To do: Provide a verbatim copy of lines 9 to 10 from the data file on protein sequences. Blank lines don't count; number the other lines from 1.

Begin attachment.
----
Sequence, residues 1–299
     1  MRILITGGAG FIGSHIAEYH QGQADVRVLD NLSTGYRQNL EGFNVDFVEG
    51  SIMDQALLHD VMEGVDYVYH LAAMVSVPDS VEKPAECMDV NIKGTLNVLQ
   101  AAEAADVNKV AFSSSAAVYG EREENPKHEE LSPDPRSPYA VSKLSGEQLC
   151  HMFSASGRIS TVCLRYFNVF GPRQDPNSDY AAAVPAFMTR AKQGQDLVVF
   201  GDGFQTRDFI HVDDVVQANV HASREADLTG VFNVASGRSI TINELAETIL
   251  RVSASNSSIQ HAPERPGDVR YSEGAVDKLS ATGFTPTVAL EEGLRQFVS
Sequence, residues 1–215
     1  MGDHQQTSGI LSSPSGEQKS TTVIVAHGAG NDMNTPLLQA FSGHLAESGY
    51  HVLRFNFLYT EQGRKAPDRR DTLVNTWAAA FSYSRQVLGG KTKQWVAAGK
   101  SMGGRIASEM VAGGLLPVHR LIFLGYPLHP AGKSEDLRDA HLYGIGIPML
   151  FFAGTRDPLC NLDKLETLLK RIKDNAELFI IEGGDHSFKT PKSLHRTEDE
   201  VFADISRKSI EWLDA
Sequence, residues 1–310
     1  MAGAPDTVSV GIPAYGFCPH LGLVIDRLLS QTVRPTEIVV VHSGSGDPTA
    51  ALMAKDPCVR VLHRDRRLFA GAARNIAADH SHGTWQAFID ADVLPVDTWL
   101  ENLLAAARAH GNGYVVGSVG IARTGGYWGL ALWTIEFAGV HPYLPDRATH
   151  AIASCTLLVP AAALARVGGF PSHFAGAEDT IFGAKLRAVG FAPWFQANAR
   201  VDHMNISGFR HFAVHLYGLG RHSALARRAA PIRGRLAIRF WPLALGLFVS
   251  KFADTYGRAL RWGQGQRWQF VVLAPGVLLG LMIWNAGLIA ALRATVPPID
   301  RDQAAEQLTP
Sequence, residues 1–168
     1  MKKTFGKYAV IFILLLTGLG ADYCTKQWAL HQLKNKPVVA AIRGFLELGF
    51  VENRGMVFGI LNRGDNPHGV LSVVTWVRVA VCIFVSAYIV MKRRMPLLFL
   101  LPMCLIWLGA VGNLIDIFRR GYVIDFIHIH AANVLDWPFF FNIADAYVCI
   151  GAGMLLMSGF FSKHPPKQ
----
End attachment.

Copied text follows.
     1  MGDHQQTSGI LSSPSGEQKS TTVIVAHGAG NDMNTPLLQA FSGHLAESGY
    51  HVLRFNFLYT EQGRKAPDRR DTLVNTWAAA FSYSRQVLGG KTKQWVAAGK